"You can be pregnant on Mother's Day and still celebrate as a mother," Suzanne advised me. Don't I know it. I thought back to Mother's Day 2010, still innocently blissful with the news of my first pregnancy. Just a few days later, the miscarriage began. The following year Mother's Day was a bittersweet event for me. I was pregnant with Gabriel, but still mourning the first pregnancy, and already mourning Gabriel's impending death.
The next two years were even more difficult, carrying two children in my heart, but neither of them in my arms. The feelings are further complicated by the two May anniversaries that surround Mother's Day: The miscarraige, which took place from May 14 to May 17, and the rape, which occurred nearly 13 years ago on May 7, 2001. Though the memory of the assault is much less pervasive all these years later, I still find it effects my life. Sometimes I feel the memories wash over me with the setting of the sun, as I recall the daylight fading from the apartment where I was violated years ago. The feeling is brief, and sometimes I'm not even aware of why I feel suddenly and irreparably upset until the moment has passed. Other times the effects are more obvious, such as my refusal to see a male Ob/Gyn. The typical response from the receptionist at the doctor's office is, "You know you may not get a female doctor at delivery, right?" My response is always the same. "Maybe at delivery, I won't care. But right now I'm not in labor, and I don't plan on being in labor at my next appointment. So right now, I care." There's no reason, really, for me to be so short with the receptionist who's just trying to schedule an appointment. Still, for reasons I can't seem to control, I resent her asking.
My therapist and I discussed both the subtle and blatant responses that I have to an event that I feel has for the most part, been resolved in my mind. I can say all the things I am supposed to be able to say at this stage, that it's not my fault, that the rape doesn't define me, that my body is mine to control, and that my body is in fact amazing in its ability to bring beautiful, innocent lives into this world. I am probably as well-adjusted to life as a rape victim-turned-survivor as I will ever be, but the fact remains that such a violent, violative event will probably always remain a stain on my brain that I'll sometimes encounter. It doesn't really go away. It just gets covered up by the other stuff. And for all of the sadness, the other stuff is mostly good. More good than bad, I think, and I think that's what's made me capable of moving on - The fact that overall, life has been pretty kind to me.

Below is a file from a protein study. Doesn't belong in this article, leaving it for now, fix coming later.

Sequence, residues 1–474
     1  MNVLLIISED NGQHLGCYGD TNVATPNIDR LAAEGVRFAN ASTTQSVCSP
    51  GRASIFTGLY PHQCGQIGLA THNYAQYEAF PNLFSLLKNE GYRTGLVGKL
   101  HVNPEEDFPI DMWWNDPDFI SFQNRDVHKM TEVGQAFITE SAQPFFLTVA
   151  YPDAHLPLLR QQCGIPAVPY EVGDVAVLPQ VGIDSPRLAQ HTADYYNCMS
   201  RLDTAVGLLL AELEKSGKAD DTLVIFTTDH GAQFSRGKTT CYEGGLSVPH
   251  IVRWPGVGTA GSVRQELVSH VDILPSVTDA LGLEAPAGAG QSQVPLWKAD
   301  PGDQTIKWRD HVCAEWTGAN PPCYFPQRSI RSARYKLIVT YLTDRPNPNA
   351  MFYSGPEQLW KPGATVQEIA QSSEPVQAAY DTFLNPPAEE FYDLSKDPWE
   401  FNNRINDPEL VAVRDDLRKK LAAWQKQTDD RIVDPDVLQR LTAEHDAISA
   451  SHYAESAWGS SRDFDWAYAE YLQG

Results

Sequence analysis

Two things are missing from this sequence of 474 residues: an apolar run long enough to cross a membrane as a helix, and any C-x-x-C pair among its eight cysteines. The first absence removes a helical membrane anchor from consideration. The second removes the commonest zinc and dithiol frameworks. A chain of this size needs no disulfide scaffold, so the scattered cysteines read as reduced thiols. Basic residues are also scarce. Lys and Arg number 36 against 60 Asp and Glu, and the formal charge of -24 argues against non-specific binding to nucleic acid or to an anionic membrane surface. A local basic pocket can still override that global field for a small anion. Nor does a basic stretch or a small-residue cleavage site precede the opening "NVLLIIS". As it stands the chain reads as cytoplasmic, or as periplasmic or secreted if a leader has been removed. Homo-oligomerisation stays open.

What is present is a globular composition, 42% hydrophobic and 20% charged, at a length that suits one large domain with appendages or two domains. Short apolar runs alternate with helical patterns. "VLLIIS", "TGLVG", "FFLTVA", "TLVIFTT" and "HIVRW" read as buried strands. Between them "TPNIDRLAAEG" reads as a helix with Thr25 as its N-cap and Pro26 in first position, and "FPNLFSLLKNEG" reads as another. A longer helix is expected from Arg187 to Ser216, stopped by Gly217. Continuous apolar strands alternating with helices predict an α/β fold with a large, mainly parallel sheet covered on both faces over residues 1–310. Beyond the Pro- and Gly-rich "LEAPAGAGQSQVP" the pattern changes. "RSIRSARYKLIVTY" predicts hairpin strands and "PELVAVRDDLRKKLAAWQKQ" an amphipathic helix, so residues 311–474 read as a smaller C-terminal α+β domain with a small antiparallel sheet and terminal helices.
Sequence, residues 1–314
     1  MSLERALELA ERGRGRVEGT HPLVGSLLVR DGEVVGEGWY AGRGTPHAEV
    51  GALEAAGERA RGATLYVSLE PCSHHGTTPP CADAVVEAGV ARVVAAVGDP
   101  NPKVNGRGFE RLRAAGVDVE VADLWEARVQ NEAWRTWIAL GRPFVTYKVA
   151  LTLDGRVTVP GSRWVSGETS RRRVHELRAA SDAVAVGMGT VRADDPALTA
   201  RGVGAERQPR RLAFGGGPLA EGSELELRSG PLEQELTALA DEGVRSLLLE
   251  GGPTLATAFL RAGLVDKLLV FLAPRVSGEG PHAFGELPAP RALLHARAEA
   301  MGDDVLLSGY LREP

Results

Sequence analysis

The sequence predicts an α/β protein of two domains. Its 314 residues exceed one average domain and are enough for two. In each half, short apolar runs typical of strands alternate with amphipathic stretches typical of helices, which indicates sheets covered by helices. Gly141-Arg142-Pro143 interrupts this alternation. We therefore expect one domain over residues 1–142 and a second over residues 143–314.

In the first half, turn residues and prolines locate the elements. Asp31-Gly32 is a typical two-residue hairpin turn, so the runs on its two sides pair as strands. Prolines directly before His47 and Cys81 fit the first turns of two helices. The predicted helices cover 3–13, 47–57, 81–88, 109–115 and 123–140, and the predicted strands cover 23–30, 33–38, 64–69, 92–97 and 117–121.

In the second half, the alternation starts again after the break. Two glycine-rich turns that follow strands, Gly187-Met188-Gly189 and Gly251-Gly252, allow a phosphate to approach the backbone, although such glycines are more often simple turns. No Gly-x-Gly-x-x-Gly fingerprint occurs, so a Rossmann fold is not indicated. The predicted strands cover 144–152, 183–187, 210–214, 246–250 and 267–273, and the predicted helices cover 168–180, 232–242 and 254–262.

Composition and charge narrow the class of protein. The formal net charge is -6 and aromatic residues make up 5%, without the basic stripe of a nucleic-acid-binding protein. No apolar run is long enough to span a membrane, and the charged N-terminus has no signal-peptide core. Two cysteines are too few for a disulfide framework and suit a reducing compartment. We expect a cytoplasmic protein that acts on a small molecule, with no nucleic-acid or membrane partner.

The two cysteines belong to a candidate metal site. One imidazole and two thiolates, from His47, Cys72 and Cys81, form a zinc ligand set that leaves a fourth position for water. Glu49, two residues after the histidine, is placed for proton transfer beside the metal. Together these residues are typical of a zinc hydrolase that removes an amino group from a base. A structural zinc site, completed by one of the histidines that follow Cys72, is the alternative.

As I left my therapists office I did my typical once-over of the patients sitting in the lobby. I am assigned to a substance abuse specialist, and so is everyone waiting in that pod to see their counselor. I'm so assigned because I have not only a history of dating and enabling substance abusers, but there have been times in my life when I've bordered on substance abuse myself. The habit is probably most evident not in my actual drinking habits, but in my tendency to replace the drinking with food or baby clothes or whatever else I don't really need but find I HAVE to have. I have to scold myself after every session not to speculate as to these patients' lives. They could be just like me. They could have it much worse. None of it's really any of my damn business. But wondering what their substance of choice is, or who their co-dependent is, takes my mind off of my own flaws.
I ride the wave of emotions fueled by pregnancy hormones and complicated by traumatic life experiences with shaky feet. I never know these days what's going to trigger a flashback, or a flash forward. I wonder if I'm really ready to give up the life I had before I became pregnant this time. I wonder if I'll be able to maintain the friendships that have come to mean so much to me, or if those friends will want to maintain friendships with me. I wonder if I can be a parent to multiple children, one living and two deceased. I wonder if I'll ever be the wife that Marcos deserves. I wonder if I know how to be a working mom. I hope that I'm not putting pressure on this new little baby to somehow make up for all that's gone wrong in the past. I wonder if I'm being fair to him or her. I wonder if I'm being fair to the dogs. I wonder all of the things that all new mothers worry about, and I worry about all of the things that grieving parents worry about, and it's a delicate balance.
One method of calculation says that I am 33 weeks pregnant today. My baby is due in seven weeks, on May 13th. I wonder what it would be like to have the baby on May 7, or May 14. I wonder what it would be like to be able to re-associate one of those days with a happy memory of giving birth to a health, whole, baby boy or girl. I have in my heart a wish, a deep longing for the baby to be born before Mother's Day. I have this dream of being able to walk into Mass on Mother's Day this year, having celebrated the holiday as a mother myself for the last four years, and this time carry a baby in my arms. I know I can be pregnant, or in mourning, and still celebrate as a mother. But this year, I want more. I want tangible proof. I want the evidence that things are going to be alright. I know it in my heart. I want to hold it in my hands.